“The amount of farmers that grow Carolina Gold Rice in South Carolina I can count on two hands.” – Glenn Roberts of Anson Mills
One of the most famous legends of the Lowcountry tells the story of how Carolina Gold Rice was introduced to South Carolina. It goes something like this:
In 1685, a distressed merchant ship paid for repairs in Charleston with a single barrel of rice seed from Madagascar. Dr. Henry Woodward planted the seed in South Carolina, beginning the state’s 200 year history as the leading rice producer in the United States.
We know today that rice was grown in the Carolina Colony prior to 1685, and the evidence seems to point towards the introduction of Carolina Gold rice only after the American Revolution. Whichever point of view you take, one thing that pretty much everyone agrees upon is the superior flavor of the rice.
It doesn’t take a historic walking food tour of Charleston to see just how much money was made off the lives of the enslaved. But once the War Between the States ended in 1865, production of the rice slowed, falling off dramatically in 1912 when a strong hurricane flooded the few remaining rice fields with salt water. Then, in 1926, it ceased production altogether- poof! gone.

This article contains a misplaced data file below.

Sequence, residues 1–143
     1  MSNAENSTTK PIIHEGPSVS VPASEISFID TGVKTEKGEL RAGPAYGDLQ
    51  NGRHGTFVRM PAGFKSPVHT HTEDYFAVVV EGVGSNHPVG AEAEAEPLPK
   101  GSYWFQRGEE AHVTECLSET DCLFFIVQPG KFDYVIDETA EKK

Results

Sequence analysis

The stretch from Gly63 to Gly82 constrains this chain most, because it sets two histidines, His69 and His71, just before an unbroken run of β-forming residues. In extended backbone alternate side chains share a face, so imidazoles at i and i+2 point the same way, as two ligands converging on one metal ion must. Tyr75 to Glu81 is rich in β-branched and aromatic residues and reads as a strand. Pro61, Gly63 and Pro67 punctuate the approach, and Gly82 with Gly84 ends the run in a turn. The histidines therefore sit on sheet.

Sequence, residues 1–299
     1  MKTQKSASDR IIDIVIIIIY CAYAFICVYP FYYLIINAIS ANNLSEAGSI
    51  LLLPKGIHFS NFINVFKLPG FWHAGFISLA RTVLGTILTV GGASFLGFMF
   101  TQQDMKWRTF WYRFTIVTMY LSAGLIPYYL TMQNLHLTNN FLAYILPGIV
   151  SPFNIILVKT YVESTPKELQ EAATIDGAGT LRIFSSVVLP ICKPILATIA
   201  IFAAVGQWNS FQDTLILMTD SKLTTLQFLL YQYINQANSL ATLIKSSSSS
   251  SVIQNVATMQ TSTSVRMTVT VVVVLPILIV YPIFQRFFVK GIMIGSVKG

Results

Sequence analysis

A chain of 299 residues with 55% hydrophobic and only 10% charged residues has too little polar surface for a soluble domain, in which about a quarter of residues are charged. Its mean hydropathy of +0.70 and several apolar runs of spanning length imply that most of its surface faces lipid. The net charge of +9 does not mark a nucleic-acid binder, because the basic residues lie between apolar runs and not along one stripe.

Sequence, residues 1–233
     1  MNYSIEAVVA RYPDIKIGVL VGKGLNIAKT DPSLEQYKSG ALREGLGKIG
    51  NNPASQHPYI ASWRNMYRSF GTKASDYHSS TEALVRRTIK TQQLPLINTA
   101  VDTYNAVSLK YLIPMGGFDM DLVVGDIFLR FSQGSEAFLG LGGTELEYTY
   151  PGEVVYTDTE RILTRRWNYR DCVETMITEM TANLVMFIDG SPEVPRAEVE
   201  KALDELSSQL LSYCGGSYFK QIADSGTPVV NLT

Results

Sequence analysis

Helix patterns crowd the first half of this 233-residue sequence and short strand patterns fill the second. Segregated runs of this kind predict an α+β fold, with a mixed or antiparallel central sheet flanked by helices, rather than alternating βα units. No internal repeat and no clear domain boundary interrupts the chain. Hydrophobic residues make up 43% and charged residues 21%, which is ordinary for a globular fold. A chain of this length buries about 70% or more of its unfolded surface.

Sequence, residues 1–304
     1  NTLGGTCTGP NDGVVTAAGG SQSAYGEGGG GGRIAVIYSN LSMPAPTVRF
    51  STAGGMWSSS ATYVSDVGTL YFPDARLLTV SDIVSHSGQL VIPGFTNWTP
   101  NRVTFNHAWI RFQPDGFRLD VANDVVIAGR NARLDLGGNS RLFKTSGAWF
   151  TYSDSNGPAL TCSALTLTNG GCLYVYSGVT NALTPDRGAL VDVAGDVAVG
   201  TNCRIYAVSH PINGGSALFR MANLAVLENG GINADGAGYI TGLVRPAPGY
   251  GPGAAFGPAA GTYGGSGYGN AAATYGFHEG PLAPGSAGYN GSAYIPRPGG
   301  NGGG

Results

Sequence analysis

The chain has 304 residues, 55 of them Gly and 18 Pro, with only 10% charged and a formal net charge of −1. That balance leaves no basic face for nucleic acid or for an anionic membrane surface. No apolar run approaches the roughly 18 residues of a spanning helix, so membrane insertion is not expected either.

But then in 1986, Dr. Richard Schulze, a Savannah eye surgeon, was given 14 pounds of Carolina Gold Rice seed and began growing it out. My good friend John Martin Taylor has detailed in the New York Times how small amounts were made available for sale as it returned from the brink. Then chefs heard about it and wanted to taste it, to cook it. Thus began the real restoration of Carolina Gold Rice.
Today, chefs all over seek out Carolina Gold Rice seek it out via SC farms. While availability of the rice seems consistent, the good work of the CGRF continues in its efforts to restore the traditional flavors of the coastal South.
Have you tasted the difference of REAL Carolina Gold Rice first hand? Do you know the chefs’ secret to perfect rice, every time? Want to learn more about the history of Carolina Gold Rice Culture in the Lowcountry?
Join us for an Undiscovered Charleston experience and taste the difference of South Carolina’s forgotten flavors!
On Friday, 5/3, the Spring meeting of the Carolina Gold Rice Foundation takes place in the Pee Dee region of South Carolina. Dedicated to the preservation of Carolina Gold Rice and the crops grown in association, the CGRF is working hard to restore the forgotten flavors of South Carolina to our tables. Here’s the embedded event page- it’s free and open to the public, but the event is ticketed, so be sure to sign up, or simply join us on a tour!